It was 25 years ago - June 9th 1997 - that the newly-formed Nancy Blackett Trust took over ownership of the Nancy Blackett, the yacht that inspired Arthur Ransome’s classic children’s novel We Didn’t Mean to Go to Sea.  She appears in the book as the Goblin, and was described by Ransome as ‘the best little boat I ever had’.

She had been put up for sale about a year previously, following a ‘last-chance’ restoration in the late 1980s after being discovered derelict in Scarborough Harbour.  An appeal to Ransome fans had raised the £25,000 asking price just within the deadline set by her owner and the Nancy Blackett Trust had been set up by the end of May, with all the 400 donors as the original members.

Nancy Blackett was built by Hillyards, Littlehampton in 1931, and bought by Arthur Ransome in 1935 when he and his Russian wife Evegnia moved to Suffolk from the Lake District in search of some sea-sailing.  He named the boat, a Hillyard 7-tonner built in 1931, after the ‘Amazon Pirate’ heroine of his Swallows and Amazons books (she was previously Electron, and before that, Spindrift).  He sailed her back to Pin Mill in Suffolk, and within a short time she had given him the inspiration for perhaps his best book, We Didn’t Mean to Go to Sea, in which she appears as the Goblin. So, in addition to a famous owner, she has literary significance.

By the 1980s, however, she had fallen on hard times; the most recent of five subsequent owners was unable to maintain her and she had become a near-derelict wreck in Scarborough Harbour.  There she was discovered by Mike Rines, who lived on the Orwell, and, although initially unaware of her literary heritage, considered her a pretty boat that didn’t deserve to die.  He brought her back to the Orwell, and with the aid of a single shipwright, set about a thorough restoration.  By 1989 she was sufficiently restored to display at the East Coast Boat Show, where she attracted considerable publicity and helped to inspire the launch of the Arthur Ransome Society.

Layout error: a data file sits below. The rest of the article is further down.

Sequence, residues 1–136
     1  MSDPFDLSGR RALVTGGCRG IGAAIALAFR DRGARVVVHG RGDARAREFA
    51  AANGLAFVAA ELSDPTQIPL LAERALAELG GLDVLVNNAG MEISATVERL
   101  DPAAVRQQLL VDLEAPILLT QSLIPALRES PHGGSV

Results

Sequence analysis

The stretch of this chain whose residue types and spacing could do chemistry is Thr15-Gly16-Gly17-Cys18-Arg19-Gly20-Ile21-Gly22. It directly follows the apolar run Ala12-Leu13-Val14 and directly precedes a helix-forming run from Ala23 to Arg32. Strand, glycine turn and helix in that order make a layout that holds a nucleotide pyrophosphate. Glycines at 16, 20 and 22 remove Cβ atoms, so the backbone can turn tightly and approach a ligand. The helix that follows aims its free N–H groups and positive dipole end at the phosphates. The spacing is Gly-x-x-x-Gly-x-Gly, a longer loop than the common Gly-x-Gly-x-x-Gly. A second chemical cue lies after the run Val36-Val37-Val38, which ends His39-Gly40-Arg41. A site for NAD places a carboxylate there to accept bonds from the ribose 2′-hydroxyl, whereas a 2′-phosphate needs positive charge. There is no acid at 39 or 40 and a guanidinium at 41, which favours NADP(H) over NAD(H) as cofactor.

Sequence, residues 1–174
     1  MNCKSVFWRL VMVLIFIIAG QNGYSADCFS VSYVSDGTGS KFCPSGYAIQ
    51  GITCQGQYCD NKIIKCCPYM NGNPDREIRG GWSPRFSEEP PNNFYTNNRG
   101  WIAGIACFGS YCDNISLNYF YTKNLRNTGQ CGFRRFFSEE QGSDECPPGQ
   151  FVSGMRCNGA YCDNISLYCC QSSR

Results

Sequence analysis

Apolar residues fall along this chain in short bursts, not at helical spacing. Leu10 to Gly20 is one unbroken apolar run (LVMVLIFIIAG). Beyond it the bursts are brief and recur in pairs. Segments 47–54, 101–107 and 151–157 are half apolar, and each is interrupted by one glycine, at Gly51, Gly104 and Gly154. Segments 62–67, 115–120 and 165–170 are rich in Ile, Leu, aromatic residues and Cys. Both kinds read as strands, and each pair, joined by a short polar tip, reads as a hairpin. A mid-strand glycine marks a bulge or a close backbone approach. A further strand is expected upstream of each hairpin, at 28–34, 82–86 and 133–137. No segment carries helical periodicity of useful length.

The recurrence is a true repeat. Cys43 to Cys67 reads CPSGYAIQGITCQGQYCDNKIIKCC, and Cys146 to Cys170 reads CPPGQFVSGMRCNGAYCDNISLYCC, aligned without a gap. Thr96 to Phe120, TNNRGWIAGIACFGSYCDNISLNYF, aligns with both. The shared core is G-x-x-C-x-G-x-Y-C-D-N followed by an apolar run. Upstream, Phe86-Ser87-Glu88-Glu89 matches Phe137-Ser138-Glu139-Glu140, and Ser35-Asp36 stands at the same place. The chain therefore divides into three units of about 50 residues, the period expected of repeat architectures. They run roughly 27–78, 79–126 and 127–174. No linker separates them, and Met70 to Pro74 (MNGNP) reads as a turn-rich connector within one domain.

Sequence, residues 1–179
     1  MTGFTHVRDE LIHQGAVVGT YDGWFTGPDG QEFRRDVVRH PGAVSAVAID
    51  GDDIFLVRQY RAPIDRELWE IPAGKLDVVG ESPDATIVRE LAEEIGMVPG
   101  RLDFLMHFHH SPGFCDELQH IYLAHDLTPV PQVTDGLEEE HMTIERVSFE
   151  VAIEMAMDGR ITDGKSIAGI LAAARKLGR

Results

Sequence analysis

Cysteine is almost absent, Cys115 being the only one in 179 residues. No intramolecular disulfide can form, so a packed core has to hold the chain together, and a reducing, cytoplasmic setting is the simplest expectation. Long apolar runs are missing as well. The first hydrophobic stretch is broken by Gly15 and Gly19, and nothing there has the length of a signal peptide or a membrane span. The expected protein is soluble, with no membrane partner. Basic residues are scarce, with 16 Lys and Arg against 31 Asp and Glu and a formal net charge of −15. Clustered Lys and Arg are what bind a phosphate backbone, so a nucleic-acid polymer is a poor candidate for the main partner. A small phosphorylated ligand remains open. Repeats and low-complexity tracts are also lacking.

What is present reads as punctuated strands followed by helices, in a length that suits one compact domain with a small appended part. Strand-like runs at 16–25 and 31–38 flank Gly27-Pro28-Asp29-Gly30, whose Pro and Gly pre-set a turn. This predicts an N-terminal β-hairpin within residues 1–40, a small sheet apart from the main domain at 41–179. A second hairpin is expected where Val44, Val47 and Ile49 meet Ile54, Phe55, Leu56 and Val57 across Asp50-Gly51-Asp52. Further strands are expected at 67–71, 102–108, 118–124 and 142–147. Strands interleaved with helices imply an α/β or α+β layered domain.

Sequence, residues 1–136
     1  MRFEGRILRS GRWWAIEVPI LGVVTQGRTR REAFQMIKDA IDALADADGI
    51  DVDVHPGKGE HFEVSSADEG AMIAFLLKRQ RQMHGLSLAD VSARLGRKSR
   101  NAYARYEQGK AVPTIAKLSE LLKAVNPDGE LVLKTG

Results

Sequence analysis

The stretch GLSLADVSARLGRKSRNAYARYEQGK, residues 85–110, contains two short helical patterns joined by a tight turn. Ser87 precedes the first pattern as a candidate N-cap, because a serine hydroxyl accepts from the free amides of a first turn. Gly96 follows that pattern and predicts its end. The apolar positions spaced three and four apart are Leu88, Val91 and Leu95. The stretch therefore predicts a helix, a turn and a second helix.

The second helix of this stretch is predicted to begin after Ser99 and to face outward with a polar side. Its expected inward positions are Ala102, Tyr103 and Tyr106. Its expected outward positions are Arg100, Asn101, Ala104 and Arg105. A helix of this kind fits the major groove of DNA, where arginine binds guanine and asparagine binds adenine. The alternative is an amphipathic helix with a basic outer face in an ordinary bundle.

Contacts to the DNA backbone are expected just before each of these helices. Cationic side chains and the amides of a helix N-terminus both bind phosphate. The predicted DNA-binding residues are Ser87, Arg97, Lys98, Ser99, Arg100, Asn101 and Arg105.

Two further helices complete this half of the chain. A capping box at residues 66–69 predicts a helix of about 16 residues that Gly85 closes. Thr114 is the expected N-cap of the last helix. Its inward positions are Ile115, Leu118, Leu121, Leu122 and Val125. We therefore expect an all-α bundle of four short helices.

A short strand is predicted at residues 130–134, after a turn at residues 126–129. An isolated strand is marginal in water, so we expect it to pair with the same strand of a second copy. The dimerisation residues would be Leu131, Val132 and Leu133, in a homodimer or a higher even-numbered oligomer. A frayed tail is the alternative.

Mike, however, had gone considerably over-budget in his restoration and needed to sell Nancy.  The buyer was another Ransome fan, Colin Winter, who made further improvements, including a self-draining cockpit, before he too was obliged to put her up for sale, in 1996.

It was at this stage that members of the Arthur Ransome Society, and others, decided to open an appeal to raise funds to buy her and secure her future.  The appeal was successful in raising the purchase price (£25,000) plus a generous surplus for maintenance, and the Trust was set up, and Nancy Blackett purchased in June 1997.

The Trust was founded with the aim of ensuring the preservation of Nancy Blackett and using her to provide sailing opportunities for anyone interested, as well as encouraging an interest in sailing among young people in particular and promoting Arthur Ransome’s contribution to the heritage of the East Coast around the Orwell and Stour Rivers and the Walton Backwaters.

Over the last 25 years, she has become a familiar sight on the River Orwell, scene of the opening of We Didn’t Mean to Go to Sea, and countless members have enjoyed sailing her, as well as helping to maintain her. New members are still joining – the annual subscription is a modest £25.  Last year, she celebrated her 90th birthday.

The Trust will be celebrating the 25th anniversary by taking part in Felixstowe Book Festival’s ‘Suffolk and the Sea’ Day on Saturday 25th June 2022.

The Nancy Blackett Trust’s own session, appropriately titled ‘You Too Can Go to Sea’ is at 3.30pm on Saturday 25th.

Source

Read more about the Nancy Blackett Trust, one of our Shipshape Network East projects.

Nancy blackett Region East